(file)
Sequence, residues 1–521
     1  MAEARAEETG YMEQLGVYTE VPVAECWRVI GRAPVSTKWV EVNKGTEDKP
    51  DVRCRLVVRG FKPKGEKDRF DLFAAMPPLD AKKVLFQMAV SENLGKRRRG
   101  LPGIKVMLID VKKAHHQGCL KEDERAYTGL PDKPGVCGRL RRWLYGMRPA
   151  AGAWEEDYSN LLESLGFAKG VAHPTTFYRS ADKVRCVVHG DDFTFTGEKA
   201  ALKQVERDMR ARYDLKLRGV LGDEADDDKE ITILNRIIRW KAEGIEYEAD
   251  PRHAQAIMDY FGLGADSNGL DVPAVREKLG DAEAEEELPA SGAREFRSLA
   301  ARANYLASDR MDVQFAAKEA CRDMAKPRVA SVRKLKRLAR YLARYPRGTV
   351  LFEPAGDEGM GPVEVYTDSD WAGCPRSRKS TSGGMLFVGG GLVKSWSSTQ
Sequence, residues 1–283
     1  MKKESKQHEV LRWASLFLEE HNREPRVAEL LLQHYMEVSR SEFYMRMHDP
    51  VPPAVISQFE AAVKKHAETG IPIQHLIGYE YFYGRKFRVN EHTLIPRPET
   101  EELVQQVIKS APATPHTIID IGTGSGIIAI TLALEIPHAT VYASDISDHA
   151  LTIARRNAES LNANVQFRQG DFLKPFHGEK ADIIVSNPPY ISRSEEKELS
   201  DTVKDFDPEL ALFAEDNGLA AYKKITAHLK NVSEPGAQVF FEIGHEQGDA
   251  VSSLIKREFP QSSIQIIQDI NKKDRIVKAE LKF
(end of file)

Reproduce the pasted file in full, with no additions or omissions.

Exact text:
Sequence, residues 1–521
     1  MAEARAEETG YMEQLGVYTE VPVAECWRVI GRAPVSTKWV EVNKGTEDKP
    51  DVRCRLVVRG FKPKGEKDRF DLFAAMPPLD AKKVLFQMAV SENLGKRRRG
   101  LPGIKVMLID VKKAHHQGCL KEDERAYTGL PDKPGVCGRL RRWLYGMRPA
   151  AGAWEEDYSN LLESLGFAKG VAHPTTFYRS ADKVRCVVHG DDFTFTGEKA
   201  ALKQVERDMR ARYDLKLRGV LGDEADDDKE ITILNRIIRW KAEGIEYEAD
   251  PRHAQAIMDY FGLGADSNGL DVPAVREKLG DAEAEEELPA SGAREFRSLA
   301  ARANYLASDR MDVQFAAKEA CRDMAKPRVA SVRKLKRLAR YLARYPRGTV
   351  LFEPAGDEGM GPVEVYTDSD WAGCPRSRKS TSGGMLFVGG GLVKSWSSTQ
Sequence, residues 1–283
     1  MKKESKQHEV LRWASLFLEE HNREPRVAEL LLQHYMEVSR SEFYMRMHDP
    51  VPPAVISQFE AAVKKHAETG IPIQHLIGYE YFYGRKFRVN EHTLIPRPET
   101  EELVQQVIKS APATPHTIID IGTGSGIIAI TLALEIPHAT VYASDISDHA
   151  LTIARRNAES LNANVQFRQG DFLKPFHGEK ADIIVSNPPY ISRSEEKELS
   201  DTVKDFDPEL ALFAEDNGLA AYKKITAHLK NVSEPGAQVF FEIGHEQGDA
   251  VSSLIKREFP QSSIQIIQDI NKKDRIVKAE LKF